Thus, the proof is complete.

Theorem 4.9. Suppose 𝐴=𝐼−𝐿−𝑈 and 𝐴𝑚=𝐼𝑚−𝐿𝑚−𝑈𝑚 are GCO(𝜋,ğ‘ž,𝑟), where −𝐿, −𝐿𝑚, −𝑈 and −𝑈𝑚 are strictly lower and upper triangular matrices of 𝐴 and 𝐴𝑚, respectively. Let 𝐵ℓ𝑤, 𝐵ℓ𝑤, 𝑇ℓ𝑤 and 𝑇ℓ𝑤 be the iteration matrices of the SOR method given by (2.3), (2.11), (3.5), and (3.13), respectively. If 1≤𝑤<2, then (i)𝑇𝜌(ℓ𝑤)<𝜌(𝑇ℓ𝑤𝐵)<𝜌(ℓ𝑤)<𝜌(𝐵ℓ𝑤) if 𝜌(𝐵ℓ𝑤)<1,(ii)𝑇𝜌(ℓ𝑤)=𝜌(𝑇ℓ𝑤𝐵)=𝜌(ℓ𝑤)=𝜌(𝐵ℓ𝑤) if 𝜌(𝐵ℓ𝑤)=1,(iii)𝑇𝜌(ℓ𝑤)>𝜌(𝑇ℓ𝑤𝐵)>𝜌(ℓ𝑤)>𝜌(𝐵ℓ𝑤) if 𝜌(𝐵ℓ𝑤)>1.

Proof. In the same manner of the proof of Theorem 4.8 and since the matrix 𝐴 of (2.9) is a GCO(𝜋,ğ‘ž,𝑟), see [13], and 𝐵ℓ𝑤={𝐼−𝑤(𝐿+𝑆𝐿)}−1[(1−𝑤)𝐼+𝑤(𝑈−𝑆+𝑆𝑈)], there exists a positive vector 𝑣 such that 𝐵ℓ𝑤𝑣=𝜆𝑣,(4.15) where 𝐵𝜆=𝜌ℓ𝑤.(4.16) Equation (4.15) can be written as (1−𝑤)𝐼+𝑤𝑈−𝑆+𝑆𝑈𝑣=𝜆𝐼−𝑤𝐿+𝑆𝐿𝑣.(4.17) Also, since 𝑇ℓ𝑤=(𝐼𝑚−𝑤𝐿𝑚)−1{(1−𝑤)𝐼𝑚+𝑤𝑈𝑚}, we can write 𝑇ℓ𝑤𝑣−𝐼𝜆𝑣=𝑚−𝑤𝐿𝑚−1(1−𝑤)𝐼𝑚+𝑤𝑈𝑚−𝜆𝐼𝑚−𝑤𝐿𝑚𝑣=𝐼𝑚−𝑤𝐿𝑚−11−𝑤−𝜆𝐼𝑚+𝑤𝜆𝐿𝑚+𝑈𝑚𝑣.(4.18) But, from (4.17) we have 𝑤𝜆𝐿+𝑈+𝑆𝜆𝐿+𝑈−𝐼𝑣=𝐼𝜆−1+𝑤𝑣.(4.19) Thus, from (4.19) and since 𝐴𝑚 of (3.3) is a GCO(𝜋,ğ‘ž,𝑟) matrix, we can get 𝑤𝜆𝐿𝑚+𝑈𝑚+𝑆𝜆𝐿𝑚+𝑈𝑚−𝐼𝑚𝑣=𝐼𝜆−1+𝑤𝑚𝑣.(4.20) Equation (4.18) can then be written as𝑇ℓ𝑊𝑣−𝐼𝜆𝑣=𝑚−𝑤𝐿𝑚−1𝑤𝑆−𝜆𝐿𝑚−𝑈𝑚−𝐼𝑚𝑣.(4.21) Hence, we can conclude that, for 1≤𝑤<2, if(a)𝜆<1, then 𝑇ℓ𝑤𝑣−𝜆𝑣<0 and from Lemma 4.7 we have 𝜌(𝑇ℓ𝑤𝐵)<𝜌(ℓ𝑤),(b)𝜆=1, then 𝑇ℓ𝑤𝑣=𝜆𝑣 and from Lemma 4.7 we have 𝜌(𝑇ℓ𝑤𝐵)=𝜌(ℓ𝑤)=1,(c)𝜆>1, then 𝑇ℓ𝑤𝑣−𝜆𝑣>0 and from Lemma 4.7 we have 𝜌(𝑇ℓ𝑤𝐵)>𝜌(ℓ𝑤).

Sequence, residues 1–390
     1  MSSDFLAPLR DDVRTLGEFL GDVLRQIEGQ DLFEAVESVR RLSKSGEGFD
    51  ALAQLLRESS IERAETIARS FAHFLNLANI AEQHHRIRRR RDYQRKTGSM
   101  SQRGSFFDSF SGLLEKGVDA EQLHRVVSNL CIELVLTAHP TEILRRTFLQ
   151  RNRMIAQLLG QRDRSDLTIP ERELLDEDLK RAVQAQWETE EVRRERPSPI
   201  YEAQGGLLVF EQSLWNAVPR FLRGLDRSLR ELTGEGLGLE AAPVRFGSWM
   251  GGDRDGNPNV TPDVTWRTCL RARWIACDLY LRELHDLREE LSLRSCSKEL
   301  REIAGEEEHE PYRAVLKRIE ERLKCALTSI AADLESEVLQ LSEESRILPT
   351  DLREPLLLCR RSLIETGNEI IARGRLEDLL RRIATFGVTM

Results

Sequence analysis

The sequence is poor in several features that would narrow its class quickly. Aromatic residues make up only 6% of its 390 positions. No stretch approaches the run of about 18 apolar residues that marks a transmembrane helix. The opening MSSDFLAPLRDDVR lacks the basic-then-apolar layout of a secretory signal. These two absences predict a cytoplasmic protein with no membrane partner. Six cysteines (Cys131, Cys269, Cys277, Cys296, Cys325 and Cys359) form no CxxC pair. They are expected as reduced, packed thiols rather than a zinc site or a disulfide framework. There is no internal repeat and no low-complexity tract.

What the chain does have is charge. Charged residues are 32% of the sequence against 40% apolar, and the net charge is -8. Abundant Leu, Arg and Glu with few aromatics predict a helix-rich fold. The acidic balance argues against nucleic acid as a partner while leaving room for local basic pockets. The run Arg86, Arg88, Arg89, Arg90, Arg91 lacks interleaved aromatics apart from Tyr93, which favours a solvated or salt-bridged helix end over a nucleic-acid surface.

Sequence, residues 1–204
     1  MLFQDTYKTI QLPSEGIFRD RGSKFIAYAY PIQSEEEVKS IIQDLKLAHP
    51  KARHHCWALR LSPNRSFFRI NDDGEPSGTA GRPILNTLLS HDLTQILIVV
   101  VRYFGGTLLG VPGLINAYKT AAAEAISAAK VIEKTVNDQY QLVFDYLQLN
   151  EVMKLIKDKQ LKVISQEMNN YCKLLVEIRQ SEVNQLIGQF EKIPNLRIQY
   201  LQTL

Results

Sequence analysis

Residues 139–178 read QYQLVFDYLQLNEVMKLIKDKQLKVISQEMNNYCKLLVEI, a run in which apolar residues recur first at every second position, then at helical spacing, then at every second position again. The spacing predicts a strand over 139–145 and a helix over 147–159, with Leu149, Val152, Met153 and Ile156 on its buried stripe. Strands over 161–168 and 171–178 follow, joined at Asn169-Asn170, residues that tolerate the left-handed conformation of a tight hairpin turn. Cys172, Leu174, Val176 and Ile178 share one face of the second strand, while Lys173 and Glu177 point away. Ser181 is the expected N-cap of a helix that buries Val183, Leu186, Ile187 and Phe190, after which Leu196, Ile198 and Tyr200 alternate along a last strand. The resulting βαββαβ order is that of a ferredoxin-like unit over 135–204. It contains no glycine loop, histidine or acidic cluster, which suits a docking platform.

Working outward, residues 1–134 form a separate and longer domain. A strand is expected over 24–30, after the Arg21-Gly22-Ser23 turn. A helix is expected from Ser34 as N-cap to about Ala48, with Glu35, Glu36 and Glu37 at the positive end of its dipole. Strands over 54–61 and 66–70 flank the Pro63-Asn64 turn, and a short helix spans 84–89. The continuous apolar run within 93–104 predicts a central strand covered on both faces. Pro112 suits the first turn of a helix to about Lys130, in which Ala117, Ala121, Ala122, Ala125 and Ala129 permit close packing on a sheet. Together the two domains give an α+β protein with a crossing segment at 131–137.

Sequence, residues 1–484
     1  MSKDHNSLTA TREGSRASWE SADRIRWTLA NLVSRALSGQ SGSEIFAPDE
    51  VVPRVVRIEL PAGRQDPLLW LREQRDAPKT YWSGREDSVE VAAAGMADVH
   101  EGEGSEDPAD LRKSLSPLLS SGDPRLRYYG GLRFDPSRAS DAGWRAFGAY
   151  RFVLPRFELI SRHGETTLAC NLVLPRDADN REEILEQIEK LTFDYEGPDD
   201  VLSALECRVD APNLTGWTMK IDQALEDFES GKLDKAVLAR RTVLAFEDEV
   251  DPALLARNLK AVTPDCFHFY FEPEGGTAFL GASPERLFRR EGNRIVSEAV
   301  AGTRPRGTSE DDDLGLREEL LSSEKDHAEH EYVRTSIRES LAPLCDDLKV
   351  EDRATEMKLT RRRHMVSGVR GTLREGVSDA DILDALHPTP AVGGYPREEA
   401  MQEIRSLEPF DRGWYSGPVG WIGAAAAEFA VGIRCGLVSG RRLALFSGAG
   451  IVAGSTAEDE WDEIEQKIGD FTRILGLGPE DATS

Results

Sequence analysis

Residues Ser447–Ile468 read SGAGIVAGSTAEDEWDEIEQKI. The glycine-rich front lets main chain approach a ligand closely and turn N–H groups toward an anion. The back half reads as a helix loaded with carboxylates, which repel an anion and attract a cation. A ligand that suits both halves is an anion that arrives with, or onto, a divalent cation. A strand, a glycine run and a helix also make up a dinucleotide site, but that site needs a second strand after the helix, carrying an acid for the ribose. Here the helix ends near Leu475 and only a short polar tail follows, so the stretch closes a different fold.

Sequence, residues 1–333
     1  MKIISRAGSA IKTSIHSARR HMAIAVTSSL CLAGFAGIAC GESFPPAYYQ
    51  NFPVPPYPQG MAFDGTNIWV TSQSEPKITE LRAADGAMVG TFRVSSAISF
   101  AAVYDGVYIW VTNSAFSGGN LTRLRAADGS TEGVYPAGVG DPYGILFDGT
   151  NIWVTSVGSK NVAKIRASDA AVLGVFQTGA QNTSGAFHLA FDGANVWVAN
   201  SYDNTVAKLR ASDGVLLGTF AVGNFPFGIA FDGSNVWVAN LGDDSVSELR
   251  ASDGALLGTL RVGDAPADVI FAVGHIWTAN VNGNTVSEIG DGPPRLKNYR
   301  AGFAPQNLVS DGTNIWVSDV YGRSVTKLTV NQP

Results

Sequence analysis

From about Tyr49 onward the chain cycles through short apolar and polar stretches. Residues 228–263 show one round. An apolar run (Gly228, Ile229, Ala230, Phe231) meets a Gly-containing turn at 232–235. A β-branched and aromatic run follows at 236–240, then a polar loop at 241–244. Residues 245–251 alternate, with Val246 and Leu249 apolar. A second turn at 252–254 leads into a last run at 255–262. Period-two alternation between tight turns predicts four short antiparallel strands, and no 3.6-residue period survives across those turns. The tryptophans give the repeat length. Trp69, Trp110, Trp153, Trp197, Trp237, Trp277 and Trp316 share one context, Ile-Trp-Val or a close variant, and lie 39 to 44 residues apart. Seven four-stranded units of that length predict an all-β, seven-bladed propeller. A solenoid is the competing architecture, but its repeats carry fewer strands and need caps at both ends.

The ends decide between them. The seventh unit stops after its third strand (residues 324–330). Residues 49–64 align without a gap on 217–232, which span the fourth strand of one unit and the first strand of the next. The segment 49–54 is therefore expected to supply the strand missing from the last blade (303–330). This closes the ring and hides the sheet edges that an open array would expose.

In consequence of the above, for 1≤𝑤<2 and from Theorems 4.6 and 4.8, we have(i)𝑇𝜌(ℓ𝑤)<𝜌(𝑇ℓ𝑤𝐵)<𝜌(ℓ𝑤)<𝜌(𝐵ℓ𝑤) if 𝜌(𝐵ℓ𝑤)<1,(ii)𝑇𝜌(ℓ𝑤)=𝜌(𝑇ℓ𝑤𝐵)=𝜌(ℓ𝑤)=𝜌(𝐵ℓ𝑤) if 𝜌(𝐵ℓ𝑤)=1,(iii)𝑇𝜌(ℓ𝑤)>𝜌(𝑇ℓ𝑤𝐵)>𝜌(ℓ𝑤)>𝜌(𝐵ℓ𝑤) if 𝜌(𝐵ℓ𝑤)>1,and the theorem is proved.

In view of Theorem 4.9, the superiority of the preconditioned MEDG SOR over the unpreconditioned MEDG SOR, EDG SOR methods and also preconditioned EDG SOR are confirmed for certain relaxation parameters lying in an optimum range.

5. Numerical Experiments and Discussion of Results